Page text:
An unspent output is simply an output of a transaction which isn't yet an input of another transaction.
To take the example from ripper234's answer (in which generated coins are immediately spendable, and we don't have to wait 100 blocks for them to mature), where:
The first block contained 50 mined BTC in address A (A = 50)
The second block contained 50 ...
There is no such thing as a transaction "balance". I am going to assume if I jump right to the answer it won't make much sense so the first two sections are to make sure we are how Bitcoin "really works" (at a very high level abstracted view). We need to speak the same language for the answer to make any sense. For this question the two required concepts ...
Bitcoin Core provides the gettxoutsetinfo RPC that has exactly the information you want. Note, it takes that call up to a minute or two to run (and maybe longer as the UTXO set keeps growing).
Here's what my node says right now:
The choice between the UTXO model and the balance model is primarily one between privacy incentives and apparent intuitiveness.
If one follows the standard advice of not reusing addresses/outputs/scripts, as to not gratuitously reveal which coins belong to the sender and which belong to the receiver, the two models are actually equivalent. In this case ...
In order to be sure that an address balance is correct, you need to check that all the transactions on that address are valid. So in order to generate a list of addresses and balances that you trust, you must first download and verify the entire block chain.
Actually, the way Bitcoin works, what you actually need is a list of unspent transaction outputs (...
Every full Bitcoin node maintains a database of which unspent outputs are left.
When verifying a transaction, all its inputs are fetched from the database. If one is missing, validation fails. Among the data retrieved is the value of those unspent outputs, and their script (od address), which define the conditions under which the output can be spent. This ...
It means "Bitcoins that were not spent".
Imagine the early days, when the blockchain was of length 3 (imaginary chain of events):
The first block contained 50 mined BTC in address A
The second block contained 50 mined BTC in address A, a TX sending 20 BTC to address B, and putting the change in address C
The third block contained 50 mined BTC in address A, ...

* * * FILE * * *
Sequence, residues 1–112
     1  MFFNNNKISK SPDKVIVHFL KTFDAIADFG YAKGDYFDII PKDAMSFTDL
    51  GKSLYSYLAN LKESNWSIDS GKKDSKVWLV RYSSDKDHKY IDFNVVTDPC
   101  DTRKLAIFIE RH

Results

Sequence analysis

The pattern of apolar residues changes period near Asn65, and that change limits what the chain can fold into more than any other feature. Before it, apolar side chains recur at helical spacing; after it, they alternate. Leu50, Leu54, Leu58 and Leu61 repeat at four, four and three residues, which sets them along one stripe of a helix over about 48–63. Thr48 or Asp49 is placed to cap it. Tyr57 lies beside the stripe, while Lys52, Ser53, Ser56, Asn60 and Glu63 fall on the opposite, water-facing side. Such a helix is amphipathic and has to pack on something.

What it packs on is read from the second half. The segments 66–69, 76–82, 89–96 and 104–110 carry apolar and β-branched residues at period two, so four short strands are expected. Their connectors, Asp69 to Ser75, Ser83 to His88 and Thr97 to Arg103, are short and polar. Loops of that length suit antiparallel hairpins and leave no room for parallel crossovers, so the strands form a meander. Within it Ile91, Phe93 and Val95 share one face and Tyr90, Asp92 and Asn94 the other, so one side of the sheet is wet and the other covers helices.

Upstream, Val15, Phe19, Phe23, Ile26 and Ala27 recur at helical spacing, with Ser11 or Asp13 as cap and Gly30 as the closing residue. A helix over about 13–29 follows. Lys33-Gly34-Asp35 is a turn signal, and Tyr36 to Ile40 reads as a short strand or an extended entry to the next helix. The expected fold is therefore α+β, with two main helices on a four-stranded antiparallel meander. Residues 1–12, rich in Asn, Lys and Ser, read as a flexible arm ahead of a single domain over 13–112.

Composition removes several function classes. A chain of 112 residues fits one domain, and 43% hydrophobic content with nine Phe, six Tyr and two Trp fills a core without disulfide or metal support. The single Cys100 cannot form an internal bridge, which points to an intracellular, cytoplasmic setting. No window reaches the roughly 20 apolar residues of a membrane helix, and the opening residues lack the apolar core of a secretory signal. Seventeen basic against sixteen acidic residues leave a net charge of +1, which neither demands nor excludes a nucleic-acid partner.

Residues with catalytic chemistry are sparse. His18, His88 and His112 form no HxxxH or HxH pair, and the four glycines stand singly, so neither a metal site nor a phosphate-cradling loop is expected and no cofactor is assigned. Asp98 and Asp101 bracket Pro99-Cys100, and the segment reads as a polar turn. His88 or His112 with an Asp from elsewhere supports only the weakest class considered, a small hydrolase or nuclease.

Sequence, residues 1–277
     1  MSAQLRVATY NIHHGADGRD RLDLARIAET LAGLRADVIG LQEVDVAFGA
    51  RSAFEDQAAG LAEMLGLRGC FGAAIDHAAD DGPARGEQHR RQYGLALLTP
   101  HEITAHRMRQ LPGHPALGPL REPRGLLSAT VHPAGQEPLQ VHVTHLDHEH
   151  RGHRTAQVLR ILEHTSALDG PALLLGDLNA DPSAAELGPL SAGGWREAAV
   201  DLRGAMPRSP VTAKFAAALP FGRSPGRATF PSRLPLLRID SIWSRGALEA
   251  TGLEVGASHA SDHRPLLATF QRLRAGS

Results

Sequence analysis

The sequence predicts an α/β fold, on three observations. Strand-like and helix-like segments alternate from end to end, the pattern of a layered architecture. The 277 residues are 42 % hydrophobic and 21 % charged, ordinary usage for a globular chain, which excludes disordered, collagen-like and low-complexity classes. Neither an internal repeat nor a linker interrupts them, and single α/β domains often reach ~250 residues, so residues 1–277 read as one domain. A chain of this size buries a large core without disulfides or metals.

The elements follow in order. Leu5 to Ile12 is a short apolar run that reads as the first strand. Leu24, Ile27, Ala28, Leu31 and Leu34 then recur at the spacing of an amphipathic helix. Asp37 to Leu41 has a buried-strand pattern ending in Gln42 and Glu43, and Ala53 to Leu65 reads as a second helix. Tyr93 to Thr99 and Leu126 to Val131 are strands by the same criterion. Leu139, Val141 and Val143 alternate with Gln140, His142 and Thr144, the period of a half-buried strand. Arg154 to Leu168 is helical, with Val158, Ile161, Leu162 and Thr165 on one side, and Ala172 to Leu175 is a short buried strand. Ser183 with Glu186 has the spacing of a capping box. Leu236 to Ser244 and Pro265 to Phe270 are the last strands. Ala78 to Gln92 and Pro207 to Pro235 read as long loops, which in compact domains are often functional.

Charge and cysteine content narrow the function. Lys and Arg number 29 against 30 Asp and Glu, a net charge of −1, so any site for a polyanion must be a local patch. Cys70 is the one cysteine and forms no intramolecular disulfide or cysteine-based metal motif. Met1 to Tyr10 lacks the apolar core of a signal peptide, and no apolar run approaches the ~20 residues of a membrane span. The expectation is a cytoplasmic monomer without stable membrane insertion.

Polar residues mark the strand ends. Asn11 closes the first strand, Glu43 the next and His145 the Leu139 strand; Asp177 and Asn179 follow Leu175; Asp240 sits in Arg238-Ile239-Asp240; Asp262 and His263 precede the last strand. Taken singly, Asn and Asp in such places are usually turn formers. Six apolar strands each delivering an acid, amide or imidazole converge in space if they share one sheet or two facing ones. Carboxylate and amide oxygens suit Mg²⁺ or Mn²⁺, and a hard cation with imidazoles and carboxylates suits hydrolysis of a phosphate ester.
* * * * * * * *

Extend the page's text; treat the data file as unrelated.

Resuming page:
I assume this question is about Bitcoin Core's internal operations. This description is valid for version 0.8 and later (up to 0.14 at least).
One part of the system deals with the active chain, which is the longest valid chain of blocks (stored in $DATADIR/blocks) that we know of. This active chain gets blocks appended to - and occasionally removed when ...
Very interesting question, let's see what the smallest transaction we can build is. For it to be minimal it has to be a single input and a single output. The non-segwit part would look something like this:
4 bytes version
1 byte input count
36 bytes outpoint
1 byte scriptSigLen (0x00)
0 bytes scriptSig
4 bytes sequence
1 byte output count
8 bytes ...
It's in fact a little more advanced than you imagine it. (So expect this answer to be a bit more in-depth.)
There is no such thing as an accounts "balance". It only exists implicitly.
When people make transactions, they actually create outputs for a certain amount of bitcoins. Using a special script language, the person making the transaction can specify ...
Transaction inputs use Unspent Transaction Outputs (UTXO).
UTXO are created by transactions. They are uniquely identified by the transaction id and the output position in the transaction that created them.
Once UTXO are used as inputs in another transaction, and that transaction is included in a block, nodes that parse the block will mark them as spent.
No, miners do not need the entire block chain to be accessible. Technically, they don't even need it at all. The blocks themself are only needed for rescanning wallets, reorganisations, and serving blocks to other nodes. That is why pruning them away will likely become viable in the future.
What you need for validating blocks and transactions (a fundamental ...
The challenge for picking a Coin Selection Algorithm is that there are multiple goals to optimize for:
The Coin Selection should reveal as little as possible about the user's wallet contents.
One wants to minimize the current transaction fee, but also the overall longterm transaction fees.
Non-dust change creation
It would be ...
Redis and LevelDB solve very different problems. We tried using SQLite and its performance was abysmal.